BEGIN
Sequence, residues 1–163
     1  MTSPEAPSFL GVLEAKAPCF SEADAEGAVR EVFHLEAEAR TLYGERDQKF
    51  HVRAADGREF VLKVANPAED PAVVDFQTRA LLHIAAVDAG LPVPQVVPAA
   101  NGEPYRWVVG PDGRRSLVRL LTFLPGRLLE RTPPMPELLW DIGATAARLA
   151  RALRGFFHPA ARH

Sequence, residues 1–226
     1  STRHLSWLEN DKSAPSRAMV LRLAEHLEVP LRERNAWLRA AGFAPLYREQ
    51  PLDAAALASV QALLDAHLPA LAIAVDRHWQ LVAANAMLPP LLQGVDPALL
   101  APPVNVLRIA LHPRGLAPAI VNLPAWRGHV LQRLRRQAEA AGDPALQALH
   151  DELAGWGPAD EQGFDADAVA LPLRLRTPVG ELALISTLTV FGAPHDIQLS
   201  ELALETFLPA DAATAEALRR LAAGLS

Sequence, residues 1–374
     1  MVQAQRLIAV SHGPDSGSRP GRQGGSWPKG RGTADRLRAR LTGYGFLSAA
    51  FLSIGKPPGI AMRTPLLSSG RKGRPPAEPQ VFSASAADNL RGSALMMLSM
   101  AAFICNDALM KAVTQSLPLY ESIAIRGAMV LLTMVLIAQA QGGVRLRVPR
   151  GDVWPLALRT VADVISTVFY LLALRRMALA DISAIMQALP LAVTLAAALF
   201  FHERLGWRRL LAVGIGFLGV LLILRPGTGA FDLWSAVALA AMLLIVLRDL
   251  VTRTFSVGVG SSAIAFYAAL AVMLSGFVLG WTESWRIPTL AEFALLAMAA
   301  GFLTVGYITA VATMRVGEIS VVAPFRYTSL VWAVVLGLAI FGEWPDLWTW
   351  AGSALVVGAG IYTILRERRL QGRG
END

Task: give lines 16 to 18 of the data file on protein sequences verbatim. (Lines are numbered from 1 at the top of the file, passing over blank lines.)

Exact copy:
   151  GDVWPLALRT VADVISTVFY LLALRRMALA DISAIMQALP LAVTLAAALF
   201  FHERLGWRRL LAVGIGFLGV LLILRPGTGA FDLWSAVALA AMLLIVLRDL
   251  VTRTFSVGVG SSAIAFYAAL AVMLSGFVLG WTESWRIPTL AEFALLAMAA